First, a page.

Unlike a bird, which can learn to fly better and better, existing programs are sort of dumb—the one millionth run of a program is typically not a bit better than the first-time run. One of the main reasons is the insufficient consideration of program inputs in current program optimizations. The limitation has resulted in a set of shortcomings that have prevented the current programming systems from meeting the new challenges imposed by the continuous increases in hardware parallelism and software complexity.

Input-centric program behavior analysis is a technique for intelligent programming systems. The key is the concentration on program input, a factor deciding program behavior but being insufficiently understood and exploited. Input-centric behavior analysis opens the door to evolvable computing, where, the optimizer learns program behavior patterns incrementally across production runs, and improves the program continuously. Just as a bird learns to fly better and better, in evolvable computing, a program may learn to run faster and faster.

This talk will focus on the influence of program inputs on program behaviors, the handling of input complexity, and the modeling of the connections between inputs and runtime behaviors through incremental statistical learning. The effectiveness of input-centric analysis is demonstrated in its applications in enhancing runtime optimizations in Java Virtual Machine, improving cost-efficiency in software speculation, and alleviating optimization obstacles for GPU (Graphic Processing Unit) programs.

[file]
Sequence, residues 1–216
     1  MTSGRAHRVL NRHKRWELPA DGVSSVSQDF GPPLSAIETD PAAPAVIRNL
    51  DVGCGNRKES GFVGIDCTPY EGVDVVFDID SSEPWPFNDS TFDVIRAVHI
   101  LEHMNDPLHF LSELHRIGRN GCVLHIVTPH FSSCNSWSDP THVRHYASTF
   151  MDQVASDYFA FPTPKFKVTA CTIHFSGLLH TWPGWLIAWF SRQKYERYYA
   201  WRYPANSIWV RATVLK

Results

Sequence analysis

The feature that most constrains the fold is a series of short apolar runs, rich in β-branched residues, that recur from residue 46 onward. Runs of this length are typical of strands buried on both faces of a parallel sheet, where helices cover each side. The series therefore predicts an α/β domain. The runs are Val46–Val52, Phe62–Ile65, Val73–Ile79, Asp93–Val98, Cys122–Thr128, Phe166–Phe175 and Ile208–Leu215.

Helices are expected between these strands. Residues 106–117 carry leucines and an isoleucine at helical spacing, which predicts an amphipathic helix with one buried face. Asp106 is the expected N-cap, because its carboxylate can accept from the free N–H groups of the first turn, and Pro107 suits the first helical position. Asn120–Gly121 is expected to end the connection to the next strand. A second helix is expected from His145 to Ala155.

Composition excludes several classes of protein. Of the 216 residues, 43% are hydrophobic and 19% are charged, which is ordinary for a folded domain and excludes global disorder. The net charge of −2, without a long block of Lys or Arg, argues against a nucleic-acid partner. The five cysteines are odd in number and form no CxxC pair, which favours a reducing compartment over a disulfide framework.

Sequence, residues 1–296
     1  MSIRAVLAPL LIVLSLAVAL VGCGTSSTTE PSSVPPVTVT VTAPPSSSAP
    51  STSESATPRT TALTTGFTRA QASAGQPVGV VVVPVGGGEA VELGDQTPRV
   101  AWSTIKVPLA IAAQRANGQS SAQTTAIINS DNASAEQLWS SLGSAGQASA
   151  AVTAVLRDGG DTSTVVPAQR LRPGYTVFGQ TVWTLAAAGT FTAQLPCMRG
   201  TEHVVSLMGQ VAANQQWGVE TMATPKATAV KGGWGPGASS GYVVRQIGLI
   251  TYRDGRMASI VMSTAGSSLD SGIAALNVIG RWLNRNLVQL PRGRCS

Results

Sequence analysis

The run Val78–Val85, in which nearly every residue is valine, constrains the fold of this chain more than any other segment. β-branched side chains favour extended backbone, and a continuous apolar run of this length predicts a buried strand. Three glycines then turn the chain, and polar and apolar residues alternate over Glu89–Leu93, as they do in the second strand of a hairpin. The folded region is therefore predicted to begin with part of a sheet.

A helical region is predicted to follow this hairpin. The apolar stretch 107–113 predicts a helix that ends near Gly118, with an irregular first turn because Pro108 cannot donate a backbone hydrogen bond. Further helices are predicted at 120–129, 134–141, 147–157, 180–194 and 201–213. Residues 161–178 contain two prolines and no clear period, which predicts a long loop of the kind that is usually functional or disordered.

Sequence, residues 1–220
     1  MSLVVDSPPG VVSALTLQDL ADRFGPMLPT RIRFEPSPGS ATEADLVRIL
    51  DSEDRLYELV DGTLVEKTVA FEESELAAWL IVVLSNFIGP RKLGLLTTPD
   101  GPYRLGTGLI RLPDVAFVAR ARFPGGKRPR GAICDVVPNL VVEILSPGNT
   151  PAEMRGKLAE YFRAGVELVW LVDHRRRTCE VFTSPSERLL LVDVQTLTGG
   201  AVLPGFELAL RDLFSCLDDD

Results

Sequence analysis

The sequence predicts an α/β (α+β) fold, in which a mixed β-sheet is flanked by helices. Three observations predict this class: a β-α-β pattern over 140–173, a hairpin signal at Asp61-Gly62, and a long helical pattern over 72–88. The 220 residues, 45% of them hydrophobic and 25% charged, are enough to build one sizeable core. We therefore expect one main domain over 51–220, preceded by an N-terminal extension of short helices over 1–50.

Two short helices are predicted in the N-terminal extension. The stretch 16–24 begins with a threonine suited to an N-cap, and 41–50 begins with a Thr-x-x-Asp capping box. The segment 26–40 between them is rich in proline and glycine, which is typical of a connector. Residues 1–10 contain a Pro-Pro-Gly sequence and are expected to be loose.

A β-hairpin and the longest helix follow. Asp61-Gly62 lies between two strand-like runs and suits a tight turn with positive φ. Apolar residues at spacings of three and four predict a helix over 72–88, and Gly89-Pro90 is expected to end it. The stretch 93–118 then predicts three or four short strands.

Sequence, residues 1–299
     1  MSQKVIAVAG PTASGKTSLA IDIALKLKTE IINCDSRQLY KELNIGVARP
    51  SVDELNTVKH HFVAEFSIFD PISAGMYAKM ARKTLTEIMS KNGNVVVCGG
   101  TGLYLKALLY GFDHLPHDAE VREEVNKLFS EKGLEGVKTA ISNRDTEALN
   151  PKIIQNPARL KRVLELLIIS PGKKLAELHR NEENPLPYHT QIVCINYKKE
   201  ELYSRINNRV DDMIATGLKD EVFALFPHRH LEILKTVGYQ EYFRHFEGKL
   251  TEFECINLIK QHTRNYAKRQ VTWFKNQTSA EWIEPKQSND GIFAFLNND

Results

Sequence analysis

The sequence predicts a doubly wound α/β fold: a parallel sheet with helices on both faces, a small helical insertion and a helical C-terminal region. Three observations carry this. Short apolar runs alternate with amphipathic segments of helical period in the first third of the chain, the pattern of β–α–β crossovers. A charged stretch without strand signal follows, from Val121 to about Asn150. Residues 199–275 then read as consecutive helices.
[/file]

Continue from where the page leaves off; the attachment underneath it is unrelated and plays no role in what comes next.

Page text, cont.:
Xipeng Shen has been an assistant professor at The College of William and Mary since 2006. He received his Ph.D. and Master degree in Computer Science from University of Rochester in 2006 and 2003 respectively. He received the M.S. degree in Pattern Recognition from Chinese Academy of Sciences in 2001, and the B.S. degree from The North China University of Technology. Xipeng Shen's main research lies in the area of Compiler Technology and Programming Systems, covering Optimizing Compilers, Parallel Computing, GPU Computing, Program Behavior Analysis, etc. He leads the Compilers and Adaptive Programming Systems research group at The College of William and Mary. The group have been focusing on integrating automatic learning, adaptation, and evolvement into different computing layers to form a whole-system synergy.